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By hurting it; or when to the lute
SCENE 1. Tharsus. An open Place near the Sea
shore. Enter DIONYZA and LEONINE. Dion. Thy oath remember; thou hast sworn to do it; 'Tis but a blow, which never shall be known.
i To record anciently signified to sing.
2 Vail is probably a misprint. Steevens suggests that we should read “ Hail.” Malone proposes to substitute “ Wail.”
3 i. e. highly accomplished, perfect. 4 Pregnant, in this instance, means apt, quick. Prest is ready. 5 Steevens conjectures that the Poet wrote consent instead of content.
Thou canst not do a thing i’ the world so soon,
Leon. I'll do't; but yet she is a goodly creature.
I am resolved.
Enter Marina, with a basket of flowers. Mar. No, no, I will rob Tellus of her weed, To strew thy green with flowers; the yellows, blues, The purple violets, and marigolds, Shall, as a chaplet, hang upon thy grave, While summer days do last. Ah me! poor maid, Born in a tempest, when my mother died,
i The first quarto reads :
Let not conscience,
Enflame too nicelie, nor let pitie,” &c.
Let not conscience,
Inflame too nicely, nor let pity,” &c. Steevens proposed to omit the words “Inflame too nicely," and " which even,” adding the pronoun that, in the following manner :
Let not conscience,
Melt thee, but be a soldier to thy purpose.” The reading here given is sufficiently intelligible, and deviates less from the old copy. Nicely here means tenderly, fondly. 2 The old copy reads :
“Here she comes weeping for her onely mistresse death." The suggestion and emendation are Dr. Percy's.
3 This is the reading of the quarto copy; the folio reads grave. Weed, in old language, meant garment.
4 The old copy reads, “Shall as a carpet hang,” &c. The emendation is by Steevens.
This world to me is like a lasting storm,
Dion. How now, Marina! why do you keep alone ?
Mar. No, I pray you ; I'll not bereave
your servant. Dion.
Go, I pray you,
Well, I will go ;
I warrant you, madam.
1 Thus the earliest copy. The second quarto, and all subsequent impressions, read:
“ Hurrying me from my friends." Whirring or whirrying had formerly the same meaning; a bird that fies with a quick motion is still said to whirr away.
2 Countenance, look. 3 i. e. ere the sea, by the coming in of the tide, mar your walk. 4 That is, with the same warmth of affection as if I was his countryman. 5 Our fair charge, whose beauty was once equal to all that fame said of it.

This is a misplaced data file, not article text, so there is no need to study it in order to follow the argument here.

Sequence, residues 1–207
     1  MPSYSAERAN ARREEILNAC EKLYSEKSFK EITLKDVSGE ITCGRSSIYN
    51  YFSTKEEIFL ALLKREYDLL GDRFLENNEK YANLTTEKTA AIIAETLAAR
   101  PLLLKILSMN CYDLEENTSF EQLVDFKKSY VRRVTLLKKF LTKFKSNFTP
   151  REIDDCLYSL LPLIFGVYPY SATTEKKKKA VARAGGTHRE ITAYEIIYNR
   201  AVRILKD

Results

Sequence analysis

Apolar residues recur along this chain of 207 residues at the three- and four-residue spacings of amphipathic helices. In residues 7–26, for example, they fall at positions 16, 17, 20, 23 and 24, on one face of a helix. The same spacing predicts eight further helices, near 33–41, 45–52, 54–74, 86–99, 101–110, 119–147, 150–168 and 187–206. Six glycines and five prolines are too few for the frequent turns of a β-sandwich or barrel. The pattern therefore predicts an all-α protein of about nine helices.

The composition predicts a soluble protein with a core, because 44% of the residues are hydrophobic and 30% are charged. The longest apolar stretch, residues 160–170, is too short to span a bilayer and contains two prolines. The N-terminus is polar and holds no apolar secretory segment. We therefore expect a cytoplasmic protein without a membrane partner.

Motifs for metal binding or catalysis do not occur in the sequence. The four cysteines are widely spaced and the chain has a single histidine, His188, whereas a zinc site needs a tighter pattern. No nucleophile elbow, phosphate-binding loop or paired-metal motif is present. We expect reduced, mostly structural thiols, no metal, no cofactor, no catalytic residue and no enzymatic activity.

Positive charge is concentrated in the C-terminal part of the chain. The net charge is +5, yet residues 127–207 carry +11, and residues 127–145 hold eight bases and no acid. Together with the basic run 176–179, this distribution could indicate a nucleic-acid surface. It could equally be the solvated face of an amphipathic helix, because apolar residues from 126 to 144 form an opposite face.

6 Reserve has here the force of preserve.
Dion. I'll leave you, my sweet lady, for a while ; Pray you walk softly, do not heat your blood. What! I must have a care of you. Mar.
Thanks, sweet madam.
[Exit Dionyza. Is this wind westerly that blows ?
South-west. Mar. When I was born, the wind was north. Leon.
Was't so ?
Leon. When was this?
When I was born.
Leon. Come, say your prayers.
What mean you ? Leon. If you require a little
grant it. Pray! but be not tedious, For the gods are quick of ear, and I am sworn To do my work with haste.
Why will you kill me? Leon. To satisfy my lady.
1 i. e. a sailor, one who climbs the mast to furl or unfurl the canvass or sails. 2 Mr. Steevens thus regulates and reads this passage :
“ That almost burst the deck, and from the ladder-tackle
Washed off a canvass-climber. Ha! says one,
Leon. And when was this?
It was when I was born:
Leon. Come, say your prayers speedily."
Mar. Why would she have me killed ?
Mar. You will not do't for all the world, I hope.
I am sworn,
Enter Pirates, whilst Marina is struggling. 1 Pirate. Hold, villain ! [LEONINE runs away. 2 Pirate. A prize! a prize!
3 Pirate. Half-part, mates, half-part. Come, let's have her aboard suddenly.
[Exeunt Pirates with MARINA.
SCENE II. The same.
Enter LEONINE. Leon. These roving thieves serve the great pirate
1 Old copy reads “ roguing thieves." 2 The Spanish armada, perhaps, furnished this name. Don Pedro de Valdes was an admiral in that feet, and had the command of the great